Heritage Register
James Bay

58 Government Street (ex-87 Carr St)

Built 1900

For: John & Catherine Lewis

Builder: John Lewis

58 Government


This is a Victorian hip-roofed, square bungalow with a full-width, enclosed, hip-roofed extension on the back. A narrow original sunroom at the rear of the left side of the house was built over the basement which accommodated the extensive woodwork shop. The sunroom and basement were widened pre-1968; at the same time the pediment-gabled, deep box bay in front of the sunroom was partially cantilevered to allow entry to a garage in the basement. Another pre-1968 addition is the wide, hip-roofed dormer on the front, creating a widow’s walk now with a thin metal railing; this wide dormer replaced two charming original gabled dormers. A much more recent hip-roofed dormer was added on the right side of the main roof. The hipped roof of the full-width front verandah is partly sheltered under the main roof, creating a narrow verandah. It has bracketed, turned posts on what is now a solid shingled balustrade. The Victorian windows all have shaped aprons. The main floor and pedimented gable are clad in drop siding; the dormers and basement are shingled, instead of the original drop siding, vertical on the basement. Asbestos siding from the 1940s-50s was removed in 1986.


John Lewis built this house for his family, which is confirmed by the quality of workmanship in the house. John and Catherine (Jones) Lewis emigrated from Wales to Victoria in 1891. John, an expert cabinetmaker, worked for Jacob Sehl, John Weiler, and David Spencer during his 30 years in the business. His skills also extended to building houses, as he built a house on Belmont Av in Fernwood. He died in 1943 at 79.

Catherine was an active charity worker during the many years she lived in James Bay. She continued to live in this house until 1948 when she moved to Vernon to live with her daughter Anne and son-in-law, Stephen Temple. She died there in 1957 at 97.

In the early 1900s family and friends frequently gathered on the wide flat roof on top of the house to watch events on the Caledonian Grounds, now gone, which was bordered by Government, Niagara, St Andrews and Simcoe Streets. John Lewis, a keen amateur photographer, took photos of these events and his neighbourhood.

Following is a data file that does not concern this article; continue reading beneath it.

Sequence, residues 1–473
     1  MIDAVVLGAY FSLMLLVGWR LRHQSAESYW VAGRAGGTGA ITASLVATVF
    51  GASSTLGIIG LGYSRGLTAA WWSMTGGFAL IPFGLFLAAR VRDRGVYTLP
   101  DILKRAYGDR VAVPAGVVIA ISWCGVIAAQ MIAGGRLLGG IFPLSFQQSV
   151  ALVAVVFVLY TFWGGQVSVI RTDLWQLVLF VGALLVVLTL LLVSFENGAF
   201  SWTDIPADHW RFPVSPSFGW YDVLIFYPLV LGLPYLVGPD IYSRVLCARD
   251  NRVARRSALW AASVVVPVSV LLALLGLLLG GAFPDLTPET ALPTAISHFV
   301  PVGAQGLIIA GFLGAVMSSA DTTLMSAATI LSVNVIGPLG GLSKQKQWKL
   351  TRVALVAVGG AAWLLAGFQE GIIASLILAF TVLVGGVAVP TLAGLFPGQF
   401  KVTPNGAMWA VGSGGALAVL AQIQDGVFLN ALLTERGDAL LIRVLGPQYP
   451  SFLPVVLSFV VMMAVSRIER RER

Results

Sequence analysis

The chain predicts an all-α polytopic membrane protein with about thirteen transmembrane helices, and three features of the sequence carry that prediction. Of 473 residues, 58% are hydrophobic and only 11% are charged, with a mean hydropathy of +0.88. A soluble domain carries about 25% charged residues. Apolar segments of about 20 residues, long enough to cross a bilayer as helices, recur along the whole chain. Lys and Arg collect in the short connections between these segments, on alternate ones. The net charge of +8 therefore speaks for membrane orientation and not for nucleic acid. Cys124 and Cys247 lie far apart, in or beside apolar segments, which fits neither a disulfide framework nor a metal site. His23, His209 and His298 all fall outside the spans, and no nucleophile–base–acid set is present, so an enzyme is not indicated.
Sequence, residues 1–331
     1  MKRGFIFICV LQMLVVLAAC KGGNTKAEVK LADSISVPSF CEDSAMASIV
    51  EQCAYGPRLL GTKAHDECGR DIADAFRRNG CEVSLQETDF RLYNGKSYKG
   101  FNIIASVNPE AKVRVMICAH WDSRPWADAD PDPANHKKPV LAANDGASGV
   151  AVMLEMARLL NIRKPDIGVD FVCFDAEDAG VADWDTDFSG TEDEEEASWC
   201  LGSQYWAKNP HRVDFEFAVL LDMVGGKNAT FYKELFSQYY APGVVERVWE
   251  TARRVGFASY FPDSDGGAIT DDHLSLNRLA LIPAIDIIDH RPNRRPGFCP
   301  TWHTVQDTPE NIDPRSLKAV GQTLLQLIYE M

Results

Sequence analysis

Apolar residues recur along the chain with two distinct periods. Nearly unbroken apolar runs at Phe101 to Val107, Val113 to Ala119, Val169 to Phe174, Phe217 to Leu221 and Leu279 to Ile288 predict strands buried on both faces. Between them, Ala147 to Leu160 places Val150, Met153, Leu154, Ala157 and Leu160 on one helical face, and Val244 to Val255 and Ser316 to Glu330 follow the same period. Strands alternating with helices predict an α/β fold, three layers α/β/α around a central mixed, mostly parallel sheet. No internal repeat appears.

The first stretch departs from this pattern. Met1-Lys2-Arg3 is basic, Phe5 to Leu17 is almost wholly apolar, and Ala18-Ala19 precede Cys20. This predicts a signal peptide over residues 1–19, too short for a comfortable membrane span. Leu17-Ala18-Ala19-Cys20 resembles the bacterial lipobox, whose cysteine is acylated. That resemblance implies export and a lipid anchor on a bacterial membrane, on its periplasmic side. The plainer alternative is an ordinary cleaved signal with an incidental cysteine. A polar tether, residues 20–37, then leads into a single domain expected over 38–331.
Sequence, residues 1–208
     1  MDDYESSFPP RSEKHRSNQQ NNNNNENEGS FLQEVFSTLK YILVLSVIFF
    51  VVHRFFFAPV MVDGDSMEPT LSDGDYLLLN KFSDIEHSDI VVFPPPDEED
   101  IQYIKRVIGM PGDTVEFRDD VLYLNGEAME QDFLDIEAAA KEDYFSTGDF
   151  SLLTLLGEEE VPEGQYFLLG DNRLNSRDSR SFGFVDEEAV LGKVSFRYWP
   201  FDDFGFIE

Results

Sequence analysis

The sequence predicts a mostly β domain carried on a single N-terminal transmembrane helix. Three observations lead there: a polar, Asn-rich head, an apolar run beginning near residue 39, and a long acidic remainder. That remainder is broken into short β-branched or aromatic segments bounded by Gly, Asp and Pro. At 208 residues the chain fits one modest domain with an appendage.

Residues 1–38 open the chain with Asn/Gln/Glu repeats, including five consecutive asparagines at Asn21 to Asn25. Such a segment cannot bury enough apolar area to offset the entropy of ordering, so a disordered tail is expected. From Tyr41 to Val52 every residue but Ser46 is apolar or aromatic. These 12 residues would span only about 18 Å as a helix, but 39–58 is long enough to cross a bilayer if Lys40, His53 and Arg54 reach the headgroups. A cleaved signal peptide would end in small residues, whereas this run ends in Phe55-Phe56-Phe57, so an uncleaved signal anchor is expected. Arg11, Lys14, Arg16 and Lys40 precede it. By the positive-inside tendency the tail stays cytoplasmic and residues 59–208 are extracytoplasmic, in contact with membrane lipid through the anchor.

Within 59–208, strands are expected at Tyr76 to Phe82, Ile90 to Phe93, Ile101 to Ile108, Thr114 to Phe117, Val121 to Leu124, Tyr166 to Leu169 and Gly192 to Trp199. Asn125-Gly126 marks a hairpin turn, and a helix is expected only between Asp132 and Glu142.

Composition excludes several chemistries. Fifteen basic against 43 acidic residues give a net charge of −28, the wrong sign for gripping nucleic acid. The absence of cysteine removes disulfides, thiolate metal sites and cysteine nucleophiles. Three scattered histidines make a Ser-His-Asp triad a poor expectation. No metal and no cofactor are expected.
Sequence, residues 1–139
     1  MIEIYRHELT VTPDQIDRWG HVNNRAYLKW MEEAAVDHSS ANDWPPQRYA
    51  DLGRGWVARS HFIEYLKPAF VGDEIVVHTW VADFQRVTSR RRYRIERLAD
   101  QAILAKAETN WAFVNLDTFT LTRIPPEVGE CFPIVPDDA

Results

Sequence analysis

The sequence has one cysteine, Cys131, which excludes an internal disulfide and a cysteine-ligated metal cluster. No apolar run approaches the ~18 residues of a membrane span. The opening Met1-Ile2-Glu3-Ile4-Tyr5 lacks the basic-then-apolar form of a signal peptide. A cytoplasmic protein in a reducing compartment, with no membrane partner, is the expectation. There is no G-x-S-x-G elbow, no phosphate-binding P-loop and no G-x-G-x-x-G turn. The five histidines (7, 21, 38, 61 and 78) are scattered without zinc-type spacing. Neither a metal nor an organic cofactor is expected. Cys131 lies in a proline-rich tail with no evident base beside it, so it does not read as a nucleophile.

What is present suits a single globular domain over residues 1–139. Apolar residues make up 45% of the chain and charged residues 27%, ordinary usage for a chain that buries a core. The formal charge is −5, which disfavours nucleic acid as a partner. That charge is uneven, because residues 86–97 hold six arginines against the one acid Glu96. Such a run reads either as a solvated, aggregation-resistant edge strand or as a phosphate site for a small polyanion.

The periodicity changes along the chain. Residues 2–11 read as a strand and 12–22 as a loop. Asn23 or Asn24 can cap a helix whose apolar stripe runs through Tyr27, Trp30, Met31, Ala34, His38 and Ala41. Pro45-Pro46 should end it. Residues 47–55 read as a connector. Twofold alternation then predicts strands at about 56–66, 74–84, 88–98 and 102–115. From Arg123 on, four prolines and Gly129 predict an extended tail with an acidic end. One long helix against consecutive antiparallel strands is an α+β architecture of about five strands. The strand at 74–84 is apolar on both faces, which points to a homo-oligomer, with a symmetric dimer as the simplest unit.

Thomas Llewellyn Lewis inherited this house from his parents. He was born in Victoria in 1893, and married Gertrude Alice in 1915. Gertrude was born on the Isle of Man in 1889 to John and Alice Watterson. She came to Victoria shortly before her marriage. Thomas was employed as a machinist at the Victoria Machinery Depot during the 1940s. Gertrude died in 1978 and Thomas continued to live here until he died in 1986.

The house was sold to Bill and Patty Huot, who with their daughters Gillian and Wendy won a 1987 Hallmark Society Award for their restoration work on this house. This included removing asbestos shingles which had covered the house for many years. Bill worked for many years in the Heritage Branch of the BC Government. He was one of the main persons involved in the development of BC’s current heritage legislation which was adopted by the Legislature in October 1993.


• James Bay History

• James Bay Heritage Register

• This Old House, Victoria's Heritage Neighbourhoods,
Volume Two: James Bay

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